- The Washington Times - Friday, August 31, 2001

One way Army Secretary Thomas White is dealing with the new Defense Planning Guidance is to examine whether positions can be cut from headquarters staff and converted into warfighters.
The idea is to create a leaner "tail" and increase the "teeth" and just maybe lessen the time soldiers are away from their families.
Reducing deployment stress on the force is one mandate from Defense Secretary Donald H. Rumsfeld's five-year DPG. Army sources say Mr. White hopes to have several studies on the headquarters issue completed in time for a decision in the fiscal 2003 budget, which goes to Congress early next year.
The Army has discussed cutting headquarters staffs by 10 percent to 15 percent at the Pentagon and such outposts as Training and Doctrine Command, Forces Command and Materiel Command.
"If you have more people available to fill spots, you have less days away from families," said one source.
Mr. White is adamant in wanting to keep Army active strength at around 480,000 soldiers. Army officials believe they have won the internal battle not to cut the Army by one or two active divisions, as some Rumsfeld aides proposed. Sources said the Army asked the aides how they could ask the Army to cut its overworked force with no matching reductions in missions worldwide.
Instead, the Army will likely propose to Mr. Rumsfeld an increase in combatants at the expense of headquarters positions and a shift in permanent troop deployments to better address 21st-century threats.

Army pilots
The Army's Training and Doctrine Command (Tradoc) at Fort Monroe, Va., is transforming basic officer training into a new program, the Basic Officer Leader Course (BOLC). By the looks of one memo coming out of the command, the pilot program is not marching smoothly.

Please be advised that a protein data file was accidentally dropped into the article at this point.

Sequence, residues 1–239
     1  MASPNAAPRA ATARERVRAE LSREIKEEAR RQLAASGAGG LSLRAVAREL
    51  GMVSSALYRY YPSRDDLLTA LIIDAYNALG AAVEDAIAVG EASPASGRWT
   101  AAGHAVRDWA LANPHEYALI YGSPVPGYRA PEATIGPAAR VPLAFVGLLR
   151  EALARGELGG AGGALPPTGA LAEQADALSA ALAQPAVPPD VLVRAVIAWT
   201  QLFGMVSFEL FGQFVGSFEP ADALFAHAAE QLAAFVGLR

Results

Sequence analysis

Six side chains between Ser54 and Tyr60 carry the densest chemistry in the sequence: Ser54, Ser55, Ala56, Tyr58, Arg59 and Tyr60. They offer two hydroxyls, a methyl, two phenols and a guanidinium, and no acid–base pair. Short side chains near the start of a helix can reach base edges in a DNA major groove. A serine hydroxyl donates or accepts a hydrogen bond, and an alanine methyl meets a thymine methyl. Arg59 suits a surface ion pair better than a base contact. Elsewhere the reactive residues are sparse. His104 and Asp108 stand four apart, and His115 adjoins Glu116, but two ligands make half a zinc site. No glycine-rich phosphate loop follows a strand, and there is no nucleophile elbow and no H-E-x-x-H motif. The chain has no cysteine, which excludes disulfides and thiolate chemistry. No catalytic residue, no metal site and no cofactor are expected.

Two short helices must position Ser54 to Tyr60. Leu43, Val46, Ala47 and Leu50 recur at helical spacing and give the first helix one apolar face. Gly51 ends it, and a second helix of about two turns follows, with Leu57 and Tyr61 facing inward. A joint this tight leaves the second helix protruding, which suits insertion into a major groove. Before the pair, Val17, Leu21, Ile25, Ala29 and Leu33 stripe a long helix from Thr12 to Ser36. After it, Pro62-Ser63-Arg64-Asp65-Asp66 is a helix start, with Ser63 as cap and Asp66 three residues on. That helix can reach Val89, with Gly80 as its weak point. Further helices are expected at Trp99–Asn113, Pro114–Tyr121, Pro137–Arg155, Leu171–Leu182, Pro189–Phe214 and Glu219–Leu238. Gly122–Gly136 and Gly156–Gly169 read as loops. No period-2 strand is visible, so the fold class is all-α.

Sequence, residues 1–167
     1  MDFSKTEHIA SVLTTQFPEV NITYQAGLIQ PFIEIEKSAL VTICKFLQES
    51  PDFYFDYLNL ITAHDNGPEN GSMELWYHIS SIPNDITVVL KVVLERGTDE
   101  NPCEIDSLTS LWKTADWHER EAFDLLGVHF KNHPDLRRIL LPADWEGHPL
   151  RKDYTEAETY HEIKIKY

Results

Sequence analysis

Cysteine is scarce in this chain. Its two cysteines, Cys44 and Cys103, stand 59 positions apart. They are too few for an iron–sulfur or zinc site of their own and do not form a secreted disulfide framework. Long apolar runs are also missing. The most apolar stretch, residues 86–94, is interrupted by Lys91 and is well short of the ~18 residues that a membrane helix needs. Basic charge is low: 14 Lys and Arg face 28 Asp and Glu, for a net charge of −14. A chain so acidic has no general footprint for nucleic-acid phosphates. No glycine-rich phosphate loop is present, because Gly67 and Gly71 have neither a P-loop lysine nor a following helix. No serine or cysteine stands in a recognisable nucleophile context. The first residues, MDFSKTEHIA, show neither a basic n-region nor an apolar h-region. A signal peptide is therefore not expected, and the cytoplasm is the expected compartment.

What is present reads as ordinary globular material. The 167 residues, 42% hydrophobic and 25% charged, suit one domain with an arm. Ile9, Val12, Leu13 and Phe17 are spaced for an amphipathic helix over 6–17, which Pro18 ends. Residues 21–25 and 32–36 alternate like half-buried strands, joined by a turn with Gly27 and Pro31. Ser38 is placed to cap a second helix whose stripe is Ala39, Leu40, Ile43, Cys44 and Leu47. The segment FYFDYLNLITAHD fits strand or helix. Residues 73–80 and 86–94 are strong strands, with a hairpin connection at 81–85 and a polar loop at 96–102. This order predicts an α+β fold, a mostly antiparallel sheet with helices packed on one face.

"We have received word from PersCom that not all branches are on line with their BOLC Phase II pilot," the memo begins, before detailing problems in meeting a fiscal 2003 deadline.
One Army source told us the problem is that Tradoc wants the various Army branches, such as artillery and infantry, to conduct the Phase II pilots with little in new resources.
"Several branches have planned to merge an existing OBC course and their BOLC Phase II pilot into one class or have planned to merge the two for select blocks of training," the memo states. "These are acceptable solutions as long as the branch conducts a distinct pilot and is able to validate their [program]."

A week after President Bush tapped Air Force Gen. Richard Myers as the next Joint Chiefs chairman, some Navy officials remain flabbergasted that their man, Adm. Vern Clark, didn't get the job. Sources say the signals from the White House were so strong that a search had already begun for the next chief of naval operations.
Aides say Defense Secretary Rumsfeld and Deputy Secretary Paul Wolfowitz maintain demanding work schedules. Mr. Wolfowitz doesn't take breaks between a heavily booked schedule of meetings. Mr. Rumsfeld works 61/2-day weeks. He eschews a chair at his desk, preferring to work standing up. If hosting a meeting, he sits at his conference table.
Neither man is continuing the practice of glad-handing visiting VIPs, preferring to work on the ongoing military transformation.